Our last destination in Namibia was Ongava Tented Camp just south of Etosha National Park where we spent three nights. The camp was under a canopy of trees and as soon as we walked into the main lodge we had a view of a water hole surrounded by eland, waterbuck and kudu. We could sit in the outdoor lounge or swim in the pool with this constant parade of animals only 20 yards away. The tents here were identical to Damaraland?s but our ensuite bath was very attractive and our shower was open to the sky. Some of the tents had a view of the waterhole. The staff here was welcoming, the food was varied, plentiful and tasty. Our guide worked hard to make our wildlife experience the best he could. The next two days we went into the park and within a mile the show began ? wildebeest, zebra, kudu, giraffe, ostrich, elephant, springbok, hartebeest and more. It was quite spectacular after the limited activity of our first four days. During our evening game drives on the Ongava Reserve we got up close and personal with numerous white rhino, giraffe, zebra and antelope. On the way to the airport on our last morning we made one final attempt to spot lion. After 2 hours we met with success ? a mother and 3 teenagers. They were resting after a hartebeest meal and were content to let us observe them from only a few yards for 30 minutes. It was the culmination of our week in Namibia. We flew back to Windhoek where we spent the rest of the day wandering through town. We ate dinner at the delightful Joe?s Beerhouse with its fantastic décor and large selection of game on the menu. Our hotel was the Villa Verdi, a guest house that was modest but acceptable accommodation.

Our London friends left us to return home the next day and we flew Air Namibia to Maun, Botswana, albeit 3 hours delayed. Our charter in Maun waited for us, however, and we flew over the Okavango Delta to Little Vumbura Wilderness camp just as the sun set. Two giraffe greeted us upon landing and 2 elephant roamed the road as we drove toward camp. Just before dark we arrived at the jetty where we boarded a motorized skiff to cruise the last mile through the narrow reed channels to Little Vumbura. The camp is situated on a wooded island and a long jetty leads to the lounge, bar and dining room. They are built around a huge tree and the décor exudes comfort and chic elegance. An observation deck and fire pit are perched in the reeds and we could hear hippos below us during cocktail hour. Our tent was down a long winding path and looked out on a marshy meadow. The tent was again canvas but the windows were adorned with printed roman shades and the furnishings were of a better quality than those in Namibia. The bathroom was enclosed in the tent but we had a separate outdoor shower 20 feet from the tent as well. We enjoyed the meals here with lots of salads and plenty of variety. This was my favorite camp of all. The setting was delightful and having the water feature was fantastic. We went out for a mokoro ride one morning and our guides knew so much about the fascinating aquatic life and prolific birdlife. We were paddled through the reed channels to another island where we took a hike, spotting vervet monkeys, two bull elephant, red lechwe and waterbuck. When we came suddenly upon a mama elephant and her young our guides instructed us to follow them at a run. We were upwind of them and they weren?t comfortable with this so we serpentined through the bush until they felt we were safe. Our evening game drive was pretty exciting, too. We had a bull elephant trumpet us, saw warthogs, zebra, giraffe, four kinds of antelope, a large herd of cape buffalo, lion, crocodile, hippo, and finally wild dogs. The dogs were such a rare sighting that the recently arrived guests from Little Vumbura and the guests from Vumbura were hailed to come to view this spectacle. The morning of day 2 we took a hike and that evening we took a sunset cruise on the waterway. On our last morning our game drive produced a cheetah and several full grown male lions. The one cat we did not see was a leopard. Perhaps on our next safari.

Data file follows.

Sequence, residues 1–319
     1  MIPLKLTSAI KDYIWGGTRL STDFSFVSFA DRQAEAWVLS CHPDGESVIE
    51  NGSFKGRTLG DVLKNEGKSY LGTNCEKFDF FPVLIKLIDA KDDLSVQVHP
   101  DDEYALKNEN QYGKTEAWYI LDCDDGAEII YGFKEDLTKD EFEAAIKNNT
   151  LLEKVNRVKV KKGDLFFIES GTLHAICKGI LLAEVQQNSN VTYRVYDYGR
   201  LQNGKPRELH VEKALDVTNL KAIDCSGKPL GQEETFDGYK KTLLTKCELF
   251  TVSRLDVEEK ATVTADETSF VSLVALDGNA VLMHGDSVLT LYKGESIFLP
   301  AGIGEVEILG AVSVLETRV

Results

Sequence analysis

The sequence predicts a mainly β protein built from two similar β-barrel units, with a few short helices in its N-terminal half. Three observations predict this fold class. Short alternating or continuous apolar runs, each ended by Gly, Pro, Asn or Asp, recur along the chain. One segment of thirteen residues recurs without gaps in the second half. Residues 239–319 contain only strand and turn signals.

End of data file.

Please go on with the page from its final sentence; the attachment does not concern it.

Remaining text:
We flew without incident to Johannesburg, where we had a 24-hour layover before our flight back to the USA. We stayed at the Grace in Rosebank, lovely, comfortable and a nice close to a wonderful and memorable trip. We did all our shopping the final day at the Rosebank market, a cornucopia of great artifacts, and souvenirs. I bought a 15? doll for my niece for US$20. I saw the same doll in a store here last month for US$290! Why didn?t I buy a dozen?!?!

If you have any questions about any place we went, I will try to answer them. If you?d like to see some photos of this safari, click on or copy http://www.shutterfly.com/osi.jsp?i=67b0de21b32648216576 In the slide show mode you can see the 60+ pictures in less than 5 minutes. Or browse the thumbnails for those that might interest you. The purpose of these is to give you an idea of what you might see while in Cape Town, Namibia and Botswana and what the accommodations are like.

Thanks to everyone who contributed to my thread when I had so many questions about Botswana. We had a wonderful time and I will no doubt return some day but for the next 6 years we will travel wherever our committee decides to meet twice a year.

Mary